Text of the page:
For our simulation and agent based model work, we supply source code (in situations where it is not available elsewhere), configuration files (with seeds in case they want to produce exact results) and parsing scripts. For most purposes, this is sufficient to re-generate the data exactly. Sometimes we also submit the output of runs if they take a long time (weeks-months).

  • MTomasson says:

    I really really want to agree with my fave tweeps on this one, but I must play PLOS's advocate in a couple of ways.. True about community buy-in, it seems from twitter. But maybe the community of sci's wanting to get data published is large enough for PLOS through this policy to define their own community a little better. If you want not to post all your data, there are plenty of journals out there to go to.

    Also, I agree with some commenters that consider that this policy may help bring about some of the missing data storage resources and standards that are currently missing.

    And this is vague philosophy, but I always wonder when someone gets such a poor reaction, paradoxically, whether they may in fact be on to something. There is a problem in science publication now where increasingly papers are too expensive to repeat and opaque to re-analysis. Ignoring this problem is letting science change into something I don't recognize. "We had the money, you didn't, trust us on this." I take all of your and Drugmonkey's points..but I am not convinced the policy is a disaster of an idea. Maybe needs clarification and refinement, but that may come.

    • odyssey says:

      We're not in total disagreement. PLoS is on to something. My take on it though is they've approached this the wrong way. The existing databases (PDB, GenBank etc.) are amazingly useful. I use them almost daily. They're useful because the community bought into the idea, lobbied for the resources, and decided on things like useful formats etc. PLoS could have pushed that and generated something (or bunch of things) really, really useful for the many. Under their current mandate, data can be dumped anywhere public, in less than useful forms, benefiting almost no one.

      • "Under their current mandate, data can be dumped anywhere public..." that's not strictly correct, although the definition of "accession number" is somewhat dubious. I suppose taking that loosely, one could post anything to a personal website and give it your own personal accession number. I doubt that is what is intended and the rules regarding that will be cleared up.

    • dr24hours says:

      I remain sympathetic to the open data/open access environment. But there are serious practicalities here. My simulations can produce volumes of data that it is impossible for me to keep. I overwrite it all the time. I produce raw data from a run, interpret it, store the relevant bits, and then overwrite the rest. Because I am going to produce terabytes of data settling in on the right way to frame an outcome. If I had to keep all that, I'd need access to more storage space than I have now, but lots. Similarly, the public depository would need to be huge.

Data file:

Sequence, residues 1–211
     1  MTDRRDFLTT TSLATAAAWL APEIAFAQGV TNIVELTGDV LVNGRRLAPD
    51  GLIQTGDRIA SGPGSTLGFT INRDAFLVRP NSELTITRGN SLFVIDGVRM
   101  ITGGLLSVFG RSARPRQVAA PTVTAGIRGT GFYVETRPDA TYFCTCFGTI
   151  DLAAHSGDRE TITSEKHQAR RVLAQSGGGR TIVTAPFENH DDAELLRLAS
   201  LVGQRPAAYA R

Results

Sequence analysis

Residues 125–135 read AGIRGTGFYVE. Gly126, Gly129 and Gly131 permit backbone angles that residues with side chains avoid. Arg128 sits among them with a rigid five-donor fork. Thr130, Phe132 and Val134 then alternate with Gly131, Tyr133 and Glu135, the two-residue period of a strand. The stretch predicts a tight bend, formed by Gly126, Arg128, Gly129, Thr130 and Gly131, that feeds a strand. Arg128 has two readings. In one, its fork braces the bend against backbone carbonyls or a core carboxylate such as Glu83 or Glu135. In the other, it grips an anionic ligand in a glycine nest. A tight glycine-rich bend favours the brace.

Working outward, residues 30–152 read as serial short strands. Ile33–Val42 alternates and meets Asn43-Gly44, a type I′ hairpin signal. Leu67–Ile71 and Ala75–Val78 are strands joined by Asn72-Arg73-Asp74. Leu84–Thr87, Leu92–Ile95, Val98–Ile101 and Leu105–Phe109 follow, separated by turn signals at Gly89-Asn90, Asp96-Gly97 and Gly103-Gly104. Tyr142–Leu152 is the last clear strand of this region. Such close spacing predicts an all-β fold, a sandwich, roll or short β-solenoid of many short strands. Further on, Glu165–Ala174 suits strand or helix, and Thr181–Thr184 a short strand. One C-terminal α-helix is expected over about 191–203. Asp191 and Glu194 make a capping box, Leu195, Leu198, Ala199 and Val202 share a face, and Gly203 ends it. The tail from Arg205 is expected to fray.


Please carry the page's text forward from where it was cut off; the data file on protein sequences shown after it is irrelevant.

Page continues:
Someone is going to make a lot of money getting already cash-strapped scis to pay them to store their data.

      • If you are simulating, the code and sufficient computing resource should be enough to reproduce the simulations you report on your computer. Hence you submit the source code to reproduce the simulation reported in the paper. I don't see that PLOS's new data mandate requires you to throw data from all the tests, missteps, trial runs etc. into a repository.

  • Spiny Norman says:

    I'm sorry, MTommasson, but the availability of "raw" data has almost nothing to do with reproducibility.

    Lack of reproducibility in the vast majority of cases comes down to poor documentation of METHODS, not poor documentation of RESULTS. And this initiative does nothing to address that problem. What it /does/ do is create yet another huge administrative burden — an unfunded mandate — for scientists. And it is a burden that disproportionately will harm smaller groups, and which will disproportionately harm groups using non-standard or emerging or diverse technical approaches versus groups that are focused on a single approach and that simply crank out data.

    In other words, it penalizes groups doing problem-based, hypothesis-driven work and rewards data factories (cough ENCODE, cough).

    I can see almost no way in which this is not harmful.

    • Availability of the "raw" data is a start and would allow the post-data-collection aspects of a study to replicated and/or validated. But that is only one part of why Open Data advocates want to see greater openness in this area. Your data might be very useful to scientist X interested in something you might never think of or aren't interested in pursuing. If they can take your data and do something useful with it, that is a net benefit as that useful something is unlikely to get done if scientist X has to recreate your data. There is also a data stewardship issue here; data on scientist Y's hard drive is not secured; data get lost all the time. When the public have paid for those data it is hard to argue that scientists shouldn't take steps to i) secure them and ii) make them openly available.